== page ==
I delivered a “controversial” speech last night at the Contemporary Art Platform. Or rather, a simple speech with a provocative title. I knew that the title would ruffle feathers. That was the point. Nevertheless, I made sure that the title, despite its provocation, remained relevant to the material I was sharing.
I began with a poetry performance of “I Call Us Frankenstinian,” a poem inspired by Mary Shelley’s book Frankenstein: Or A Modern Prometheus. I then moved to the podium to read a speech divided into three parts.
In the first part of my speech I defined and then I historicized the formation of “Anglowaiti Identity.” I showed that it emerged out of the 1960s parallel to the independence of Kuwait, and the state’s desire to equip future generations with modern tools. This is not simply Kuwaitis writing in English, I argued. It was much bigger than that. I then explained why this type of work is important (outlining what’s at stake today with the populist understanding of Anglowaiti identity), and I shared at least two benefits. The first is expanding society from within, and the second is expanding it globally, or positively impacting its international standing.
I then proceeded to answer the question: Why are you writing in the colonizer’s tongue? I opened with the popular postcolonial language debate, headed by Ngũgĩ wa Thiong’o and Chinua Achebe, and then I delved into history in search of Kuwait’s “colonizer.” I ended this section with a quote from Sheikh Mubarak Al-Sabah.
In the third part of my speech, I debunked a series of framing devices that are often used when talking about the Arabic language. I discussed religious, political and aesthetic frames that have contributed to the stagnation of the Arabic language in Kuwait. I then historicized the richness and beauty of the Arabic language, quoting everything from the way that written letters were formed, or the way that words entered into the language, or sounds, or grammar, or literary theory, or philosophy, or technology, or poetry, prose, and plays, and even leaders of the Arab/Islamic empire, and I demonstrated that at every juncture and throughout every component of the language a process of encountering and assimilating difference took place.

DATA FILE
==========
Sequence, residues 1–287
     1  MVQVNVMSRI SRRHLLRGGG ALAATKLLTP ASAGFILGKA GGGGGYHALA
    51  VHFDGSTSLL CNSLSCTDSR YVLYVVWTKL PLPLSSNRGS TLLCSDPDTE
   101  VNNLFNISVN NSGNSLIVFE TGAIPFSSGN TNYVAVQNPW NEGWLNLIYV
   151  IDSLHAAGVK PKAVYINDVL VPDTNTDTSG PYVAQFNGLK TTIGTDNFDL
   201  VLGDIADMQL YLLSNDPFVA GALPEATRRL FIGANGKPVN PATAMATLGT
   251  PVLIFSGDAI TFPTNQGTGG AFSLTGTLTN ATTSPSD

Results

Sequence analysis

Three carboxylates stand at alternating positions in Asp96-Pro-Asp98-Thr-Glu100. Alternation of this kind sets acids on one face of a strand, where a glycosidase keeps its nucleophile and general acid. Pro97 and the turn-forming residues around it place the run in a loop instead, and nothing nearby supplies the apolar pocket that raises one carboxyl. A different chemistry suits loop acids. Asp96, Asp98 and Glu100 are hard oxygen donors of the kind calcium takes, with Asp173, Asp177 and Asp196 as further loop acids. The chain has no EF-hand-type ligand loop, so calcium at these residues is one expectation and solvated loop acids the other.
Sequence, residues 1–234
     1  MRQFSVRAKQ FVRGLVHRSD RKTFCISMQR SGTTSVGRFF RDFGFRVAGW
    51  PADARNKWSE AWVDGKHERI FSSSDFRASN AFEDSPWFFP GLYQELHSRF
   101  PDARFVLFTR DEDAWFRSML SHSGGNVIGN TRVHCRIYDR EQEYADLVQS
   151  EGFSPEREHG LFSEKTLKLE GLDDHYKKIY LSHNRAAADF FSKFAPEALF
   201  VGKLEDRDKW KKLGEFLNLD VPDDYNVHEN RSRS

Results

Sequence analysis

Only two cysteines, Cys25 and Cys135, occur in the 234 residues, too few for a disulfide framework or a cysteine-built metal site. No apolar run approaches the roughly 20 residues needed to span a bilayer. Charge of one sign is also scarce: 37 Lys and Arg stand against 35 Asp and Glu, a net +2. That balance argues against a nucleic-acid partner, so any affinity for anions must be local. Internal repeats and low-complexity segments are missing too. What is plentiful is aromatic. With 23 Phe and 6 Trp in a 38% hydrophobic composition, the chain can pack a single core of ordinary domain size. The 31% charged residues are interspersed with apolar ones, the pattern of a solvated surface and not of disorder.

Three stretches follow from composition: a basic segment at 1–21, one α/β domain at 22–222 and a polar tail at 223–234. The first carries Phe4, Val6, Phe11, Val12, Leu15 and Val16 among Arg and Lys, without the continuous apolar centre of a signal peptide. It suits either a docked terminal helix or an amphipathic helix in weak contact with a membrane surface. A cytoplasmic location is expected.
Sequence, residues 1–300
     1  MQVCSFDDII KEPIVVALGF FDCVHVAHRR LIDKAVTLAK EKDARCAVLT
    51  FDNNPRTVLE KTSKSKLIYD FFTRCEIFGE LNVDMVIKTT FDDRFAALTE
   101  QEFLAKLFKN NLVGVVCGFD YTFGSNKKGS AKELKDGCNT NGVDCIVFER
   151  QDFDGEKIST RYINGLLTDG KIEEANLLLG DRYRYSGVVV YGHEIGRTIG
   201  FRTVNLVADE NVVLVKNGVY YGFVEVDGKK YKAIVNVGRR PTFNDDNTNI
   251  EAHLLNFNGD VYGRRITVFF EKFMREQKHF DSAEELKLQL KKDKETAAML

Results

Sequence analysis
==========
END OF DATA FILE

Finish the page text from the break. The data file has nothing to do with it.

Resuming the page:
There is nothing ethnically pure about the Arabic language or the Arab/Islamic empire, and that’s why it became great; whereas our biggest threat today (and the reason that the Arabic language will not save us) is that it has fallen into a grotesque form of xenophobia and is beset with a perennial fear of change — at least in Kuwait.
I concluded the speech with a reference to a recent conference that was held at the Women’s Cultural & Social Society, where various Kuwaiti authors and intellectuals (such as Buthaiyna Al-Eissa and Sulaiman Al-Bassam, and others) complained about the stranglehold through censorship. I also mentioned Mohammad AlSharekh’s TEDx talk: “AI, and the future of the Arabic Language,” which calls on the 22 Arab countries in the world to care enough about the Arabic language that they adopt systematic changes at the state level, instead of depending on the valiant efforts of small groups and individuals.
The comments on social media leading up to and even after the event were very much in line with the substance of the speech itself. There were people who claimed that my title was offensive to the language of the Quran, while writing insults in the language of the Quran. There were others who accused me of pretending to be an intellectual, without ever making the effort to listen to the speech. There were those who claimed that these types of conferences which are designed to instill hatred of the Arabic language in the hearts of the younger generation should be eliminated, without ever knowing what type of conference this really was. Some complained that even if the talk had substance, the title was inappropriate and needed to be changed — yet, the speech very much depended on the title. And my ultimate favorite: those who believed that nothing compares to the quality and the beauty of the Arabic language expressed their opinions in broken sentences and typos.
The discussion at the venue itself was particularly interesting. I wanted it to be open. No frills. No barriers. Just humans sharing in our humanity, in our diversity. And it was marvelous! Even with the disagreements, the different opinions, the different levels of education, or interest, or fears, there was a consistent strain of laughter. I think we all left yesterday’s talk curious to know more about the topic, whether or not our opinions morphed, whether or not we saw eye-to-eye with those with whom we disagreed.
You can’t put a price on that level of bonding.
For that I am genuinely grateful and even more excited to develop the research further.